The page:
What Gas is in Soda? Discover the Bubbly Secret!

Have you ever wondered what makes soda so fizzy and bubbly? It’s a question that many people often ask, and in this article, we’ll explore the gas that’s in soda and the secret behind its bubbly goodness.

What Gas is in Soda

The gas that’s in soda is called carbon dioxide (CO2). It’s a colorless, odorless gas that’s found in the atmosphere and is also produced by humans and animals when they breathe. Carbon dioxide is a non-flammable gas that’s used for many purposes, including welding, carbonating beverages, and filling fire extinguishers.

Carbon dioxide is added to soda during the manufacturing process to create bubbles. The carbon dioxide dissolves in the water, and when the pressure is released by opening the cap or can, the gas rushes out of the solution and forms bubbles, creating the fizz in soda.

How Carbonation Works

The process of carbonation is what gives soda its fizzy texture, and it’s a complex process. The carbonation process starts with pressurizing water with CO2, which creates carbonic acid. This reaction is what gives soda its tangy taste.

When the cap or can is opened, the pressure that’s holding the CO2 in the liquid is released, and the carbonic acid becomes unstable. This causes the acid to break down into water and carbon dioxide gas, creating bubbles, and providing the fizzy sensation in your mouth.

What Makes Soda go Flat

Soda can go flat when it’s exposed to air for a period of time. The CO2 that’s released when the cap is opened will eventually escape into the air, which reduces the carbonation level and results in a flat taste.

  • Exposure to air: When the cap or can is opened, it allows the CO2 to escape, causing the soda to go flat.
  • Temperature: Carbon dioxide is less soluble in warm liquids than in cold ones. Therefore, keeping your soda cool will help preserve its fizziness.
  • Shaking: Shaking the soda can cause the CO2 to release too quickly, which can cause it to go flat more quickly.

Can You Re-Carbonate Flat Soda?

Yes, you can re-carbonate flat soda. There are different methods you can use to recarbonate flat soda, including:

  • Using a Soda Siphon: A soda siphon is a device that carbonates water. You can also use a soda siphon to recarbonate flat soda.
  • Carbonation Tablets: There are special carbonation tablets available that you can add to flat soda to restore its fizz.
  • Dry Ice: Adding dry ice to flat soda creates CO2, which carbonates the soda. However, you need to be careful when handling dry ice as it can cause injury if not handled properly.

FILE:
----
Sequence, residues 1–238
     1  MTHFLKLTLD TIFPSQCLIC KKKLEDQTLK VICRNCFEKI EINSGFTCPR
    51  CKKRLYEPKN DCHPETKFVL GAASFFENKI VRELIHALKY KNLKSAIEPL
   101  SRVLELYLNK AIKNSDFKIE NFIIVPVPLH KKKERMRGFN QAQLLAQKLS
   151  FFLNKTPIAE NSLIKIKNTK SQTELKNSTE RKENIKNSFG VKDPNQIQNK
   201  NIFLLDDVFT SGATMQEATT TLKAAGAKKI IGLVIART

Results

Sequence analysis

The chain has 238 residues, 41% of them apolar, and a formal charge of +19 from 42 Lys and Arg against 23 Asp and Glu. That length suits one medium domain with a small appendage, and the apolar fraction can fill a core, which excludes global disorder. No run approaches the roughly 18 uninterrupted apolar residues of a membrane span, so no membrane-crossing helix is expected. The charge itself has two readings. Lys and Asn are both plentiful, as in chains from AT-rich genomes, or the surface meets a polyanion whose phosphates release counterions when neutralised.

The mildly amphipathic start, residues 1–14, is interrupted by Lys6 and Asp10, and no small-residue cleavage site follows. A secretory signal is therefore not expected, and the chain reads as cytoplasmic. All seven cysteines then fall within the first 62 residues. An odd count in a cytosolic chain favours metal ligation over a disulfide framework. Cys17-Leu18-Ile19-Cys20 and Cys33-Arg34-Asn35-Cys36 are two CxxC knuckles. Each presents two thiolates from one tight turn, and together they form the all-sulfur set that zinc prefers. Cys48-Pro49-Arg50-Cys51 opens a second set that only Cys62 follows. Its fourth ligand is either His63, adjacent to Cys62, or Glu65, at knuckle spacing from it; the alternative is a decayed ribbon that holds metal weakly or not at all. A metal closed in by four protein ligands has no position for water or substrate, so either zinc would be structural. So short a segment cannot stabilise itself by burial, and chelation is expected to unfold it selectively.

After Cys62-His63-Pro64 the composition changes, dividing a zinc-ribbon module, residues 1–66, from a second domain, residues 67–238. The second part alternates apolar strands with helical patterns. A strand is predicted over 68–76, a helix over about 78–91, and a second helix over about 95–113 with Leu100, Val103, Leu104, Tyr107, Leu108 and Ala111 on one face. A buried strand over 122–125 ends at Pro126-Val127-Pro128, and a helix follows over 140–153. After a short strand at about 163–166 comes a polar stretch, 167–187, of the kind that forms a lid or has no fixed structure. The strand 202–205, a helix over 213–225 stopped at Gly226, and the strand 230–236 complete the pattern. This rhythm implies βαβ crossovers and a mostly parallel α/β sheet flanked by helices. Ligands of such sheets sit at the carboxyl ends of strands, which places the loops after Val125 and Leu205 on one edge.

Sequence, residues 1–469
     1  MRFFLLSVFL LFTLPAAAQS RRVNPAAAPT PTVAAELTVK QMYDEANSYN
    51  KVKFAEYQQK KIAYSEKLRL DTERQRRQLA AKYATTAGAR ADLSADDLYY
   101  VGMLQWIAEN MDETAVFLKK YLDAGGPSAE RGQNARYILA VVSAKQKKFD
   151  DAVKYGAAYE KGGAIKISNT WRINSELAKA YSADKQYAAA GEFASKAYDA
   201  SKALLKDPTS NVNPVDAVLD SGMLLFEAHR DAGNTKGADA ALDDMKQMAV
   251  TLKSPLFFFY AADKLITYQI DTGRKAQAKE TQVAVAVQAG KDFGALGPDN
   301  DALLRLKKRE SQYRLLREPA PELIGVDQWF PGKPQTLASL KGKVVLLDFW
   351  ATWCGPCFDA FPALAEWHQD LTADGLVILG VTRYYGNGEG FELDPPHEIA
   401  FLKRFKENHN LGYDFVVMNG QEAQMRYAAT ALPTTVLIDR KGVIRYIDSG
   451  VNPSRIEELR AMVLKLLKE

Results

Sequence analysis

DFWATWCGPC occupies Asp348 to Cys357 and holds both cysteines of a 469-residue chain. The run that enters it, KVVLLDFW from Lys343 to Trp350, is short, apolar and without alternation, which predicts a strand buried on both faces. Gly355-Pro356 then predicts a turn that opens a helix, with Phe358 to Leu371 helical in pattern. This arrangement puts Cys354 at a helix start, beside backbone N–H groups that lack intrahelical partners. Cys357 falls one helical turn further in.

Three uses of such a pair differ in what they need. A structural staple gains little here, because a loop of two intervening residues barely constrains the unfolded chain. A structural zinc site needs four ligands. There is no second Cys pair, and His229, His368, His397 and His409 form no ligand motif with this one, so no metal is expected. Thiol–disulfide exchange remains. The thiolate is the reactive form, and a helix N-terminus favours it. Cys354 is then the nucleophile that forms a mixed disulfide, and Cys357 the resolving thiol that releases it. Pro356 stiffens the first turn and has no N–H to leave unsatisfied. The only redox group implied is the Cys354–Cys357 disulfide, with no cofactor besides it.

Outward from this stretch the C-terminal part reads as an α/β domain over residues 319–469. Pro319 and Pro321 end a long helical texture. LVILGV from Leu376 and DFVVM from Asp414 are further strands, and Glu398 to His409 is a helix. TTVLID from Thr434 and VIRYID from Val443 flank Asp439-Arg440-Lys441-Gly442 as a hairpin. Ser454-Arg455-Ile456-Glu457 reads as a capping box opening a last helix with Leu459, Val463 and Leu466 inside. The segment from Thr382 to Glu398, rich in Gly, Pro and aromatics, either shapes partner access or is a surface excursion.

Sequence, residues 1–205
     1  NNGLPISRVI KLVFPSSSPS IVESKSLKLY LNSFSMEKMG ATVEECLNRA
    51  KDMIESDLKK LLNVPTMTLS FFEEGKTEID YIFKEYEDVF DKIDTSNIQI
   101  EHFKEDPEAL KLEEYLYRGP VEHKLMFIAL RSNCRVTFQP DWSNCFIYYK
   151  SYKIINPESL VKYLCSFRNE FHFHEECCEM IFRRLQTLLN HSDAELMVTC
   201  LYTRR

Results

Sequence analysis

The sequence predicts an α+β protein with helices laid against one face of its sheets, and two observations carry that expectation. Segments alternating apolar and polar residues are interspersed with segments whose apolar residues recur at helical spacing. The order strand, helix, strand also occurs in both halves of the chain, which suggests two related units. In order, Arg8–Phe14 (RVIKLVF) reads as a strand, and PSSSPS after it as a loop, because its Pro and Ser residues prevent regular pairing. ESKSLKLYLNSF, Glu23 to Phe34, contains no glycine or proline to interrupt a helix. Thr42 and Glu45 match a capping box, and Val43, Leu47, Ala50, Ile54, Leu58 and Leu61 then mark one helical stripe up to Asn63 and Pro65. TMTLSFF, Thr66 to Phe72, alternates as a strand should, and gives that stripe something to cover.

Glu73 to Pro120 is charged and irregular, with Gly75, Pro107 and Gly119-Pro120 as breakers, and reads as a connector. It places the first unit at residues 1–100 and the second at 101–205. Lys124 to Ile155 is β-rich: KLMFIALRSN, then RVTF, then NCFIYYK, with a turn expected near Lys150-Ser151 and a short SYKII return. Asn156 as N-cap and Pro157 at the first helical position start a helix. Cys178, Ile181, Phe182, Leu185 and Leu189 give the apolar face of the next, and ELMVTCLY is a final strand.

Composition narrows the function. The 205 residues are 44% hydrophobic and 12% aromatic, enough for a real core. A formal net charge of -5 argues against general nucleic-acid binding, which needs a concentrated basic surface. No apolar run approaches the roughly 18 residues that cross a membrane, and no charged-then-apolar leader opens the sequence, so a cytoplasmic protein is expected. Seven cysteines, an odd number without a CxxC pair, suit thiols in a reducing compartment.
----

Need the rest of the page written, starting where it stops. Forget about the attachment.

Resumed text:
The Science Behind the Fizz in Soda

As we’ve mentioned earlier, carbon dioxide dissolves in water and creates carbonic acid. When the cap or can is opened, the carbonic acid becomes unstable and breaks down into water and CO2 gas. This reaction creates carbon dioxide bubbles that provide the fizz in soda.

The amount of carbonation in soda affects its texture, feel, and taste. High levels of carbonation can create a sharp and tingling sensation in your mouth. This is why some sodas have a greater level of fizz than others.


The gas that’s in soda is carbon dioxide, which creates the bubbles and fizz that we all love. The process of carbonation is what gives soda its unique texture, taste, and feel. Knowing how carbonation works can help you preserve the fizziness of your soda, and also help you recarbonate flat soda. Understanding the science behind the fizz in soda can make you appreciate its bubbles and help you enjoy your soda even more.


  • Q: What happens when you drink too much carbonated soda?
  • A: Consuming too much carbonated soda can lead to bloating, indigestion, and stomach discomfort.
  • Q: Does shaking soda make it go flat faster?
  • A: Yes, shaking soda can cause the CO2 to release too quickly, which can cause it to go flat more quickly.
  • Q: What is the pH level of soda?
  • A: The pH level of soda ranges from 2.5 to 4.5, and it can vary depending on the type of soda.
  • Q: Can you carbonate any liquid?
  • A: Yes, you can carbonate any liquid as long as it’s water-based.


  • https://www.popsci.com/story/diy/how-to-carbonate-soda-flavors/
  • https://www.pickuplimes.com/single-post/2018/06/03/A-Scientific-Look-at-Carbonation-the-Bubbles-in-Soda
  • https://www.scripps.edu/science-and-medicine/exploring-the-science-of-food/cooking-and-cuisine-chemistry/graphic-science-of-soda-fizz/

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